By Bill Smith & Albert Otti
HAVANA TIMES — Today, a group of UN independent jurists described the situation faced by WikiLeaks founder Julian Assange – who has resided in the Ecuadorian Embassy in London as a refugee since June of 2012 to avoid extradition to Sweden – as a case of “arbitrary detention,” DPA reported.
Speaking to the press from the embassy through Skype, Assange praised the decision of the UN jurists as a victory and urged the United Kingdom and Sweden to abide by it. “This is a victory that cannot be denied,” Assange announced from the Ecuadorian Embassy.
“This is the end of the road for the legal arguments,” Assange said. “It is now the task of the states of Sweden and the United Kingdom as a whole to implement the verdict.”
The UN Working Group on Arbitrary Detentions “considers that the various forms of deprivation of liberty to which Julian Assange has been subjected constitute a form of arbitrary detention,” South Korean international law expert Seong-Phil Hong explained.
The legal actions taken by Sweden and the United Kingdom are responsible for Assange’s situation, the UN workgroup sentenced.
The experts called on the governments of the two countries to grant Assange freedom of movement. In addition, they believe Assange should be compensated for his forced exile at London’s Ecuadorian Embassy and the detention and house arrest he was subjected to previously, in 2010.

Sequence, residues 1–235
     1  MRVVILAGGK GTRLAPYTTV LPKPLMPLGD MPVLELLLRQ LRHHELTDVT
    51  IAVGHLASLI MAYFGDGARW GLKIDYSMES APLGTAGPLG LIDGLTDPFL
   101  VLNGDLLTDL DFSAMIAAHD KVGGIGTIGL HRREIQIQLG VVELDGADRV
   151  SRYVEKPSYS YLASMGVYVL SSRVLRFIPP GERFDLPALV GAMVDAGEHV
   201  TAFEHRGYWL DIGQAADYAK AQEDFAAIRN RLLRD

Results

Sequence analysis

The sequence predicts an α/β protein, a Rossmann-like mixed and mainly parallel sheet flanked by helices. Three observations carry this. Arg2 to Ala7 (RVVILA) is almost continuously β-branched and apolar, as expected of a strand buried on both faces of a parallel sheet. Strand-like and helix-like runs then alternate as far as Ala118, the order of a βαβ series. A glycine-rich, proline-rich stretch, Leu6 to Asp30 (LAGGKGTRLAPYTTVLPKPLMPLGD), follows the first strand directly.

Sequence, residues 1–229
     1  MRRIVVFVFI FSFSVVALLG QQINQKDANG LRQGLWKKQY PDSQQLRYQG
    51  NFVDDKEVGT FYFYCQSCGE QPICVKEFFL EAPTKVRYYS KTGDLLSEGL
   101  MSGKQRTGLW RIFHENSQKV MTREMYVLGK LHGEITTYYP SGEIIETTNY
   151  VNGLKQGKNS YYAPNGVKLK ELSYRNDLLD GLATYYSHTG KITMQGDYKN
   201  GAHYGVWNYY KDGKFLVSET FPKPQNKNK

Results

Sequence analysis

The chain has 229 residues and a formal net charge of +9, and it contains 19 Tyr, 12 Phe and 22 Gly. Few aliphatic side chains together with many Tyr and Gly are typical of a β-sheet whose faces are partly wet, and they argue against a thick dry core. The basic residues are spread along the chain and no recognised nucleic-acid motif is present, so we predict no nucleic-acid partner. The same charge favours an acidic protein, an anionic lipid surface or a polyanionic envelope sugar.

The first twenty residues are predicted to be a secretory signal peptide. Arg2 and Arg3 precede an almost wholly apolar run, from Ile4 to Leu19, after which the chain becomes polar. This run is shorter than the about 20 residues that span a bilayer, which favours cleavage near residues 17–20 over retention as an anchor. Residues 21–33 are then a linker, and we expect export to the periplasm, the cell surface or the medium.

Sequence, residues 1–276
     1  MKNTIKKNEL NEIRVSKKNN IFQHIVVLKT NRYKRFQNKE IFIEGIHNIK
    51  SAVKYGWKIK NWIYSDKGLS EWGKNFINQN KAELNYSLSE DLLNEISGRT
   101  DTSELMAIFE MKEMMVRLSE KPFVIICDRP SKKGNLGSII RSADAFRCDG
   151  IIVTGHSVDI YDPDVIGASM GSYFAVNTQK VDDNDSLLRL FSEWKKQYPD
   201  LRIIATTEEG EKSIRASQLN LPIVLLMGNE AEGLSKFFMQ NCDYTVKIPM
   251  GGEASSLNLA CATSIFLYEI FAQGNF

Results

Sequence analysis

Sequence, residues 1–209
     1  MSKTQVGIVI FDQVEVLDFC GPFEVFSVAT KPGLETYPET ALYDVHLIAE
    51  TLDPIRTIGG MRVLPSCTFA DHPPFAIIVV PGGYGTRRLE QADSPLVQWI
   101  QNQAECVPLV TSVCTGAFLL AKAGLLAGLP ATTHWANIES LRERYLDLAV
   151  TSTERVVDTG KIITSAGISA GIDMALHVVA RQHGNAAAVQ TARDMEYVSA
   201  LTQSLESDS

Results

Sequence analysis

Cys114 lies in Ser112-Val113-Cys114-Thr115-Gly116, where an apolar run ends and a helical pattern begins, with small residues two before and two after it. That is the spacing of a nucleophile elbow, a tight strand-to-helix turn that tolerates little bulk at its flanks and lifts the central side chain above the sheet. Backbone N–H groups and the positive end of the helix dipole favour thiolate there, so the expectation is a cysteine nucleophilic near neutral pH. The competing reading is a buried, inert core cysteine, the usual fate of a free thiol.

The United Kingdom and Sweden have denied these accusations. “Mr. Asange freely chose to remain in the Ecuadorian Embassy and Swedish authorities have no say in his decision to be there,” the chief of the Swedish Foreign Affair’s legal department Anders Ronquist wrote in response to the UN jurists’ decision. “Mr. Assange can decide to leave the embassy at any moment.”
British Foreign Minister Philip Hammond called the UN decision “ridiculous” and described Assange as a “fugitive from justice.” The Foreign Minister added that the decision of the jurists will not change the UK’s actions.
Assange said Hammond’s comments were beneath a foreign minister and added that, were the UK not to abide by the WGAD’s decision, this would “undermine” the UN system.
Though the decision by this group of jurists is legally binding, the WGAD has no power to enforce it.
A spokeswoman for Sweden’s Attorney General’s Office insisted the decision by the UN workgroup does not have a formal impact on the investigation underway, as per Swedish legislation. The spokeswoman invoked a ruling handed down by the Swedish Supreme Court in May of 2015, stating that, after examining the facts of the case, the court had decided that Julian Assange must be detained.
The 44-year-old Australian programmer and journalist, Assange had submitted a complaint to the WGAD in 2014, claiming he had been “arbitrarily detained”, as he could not leave the Ecuadorian Embassy in London without being immediately arrested.
A European detention order for allegations of sexual abuse in Sweden hangs over Assange. The founder of WikiLeaks fears extradition to the United States and a life sentence there for publishing confidential US documents on the Afghanistan and Iraq wars on his Internet platform.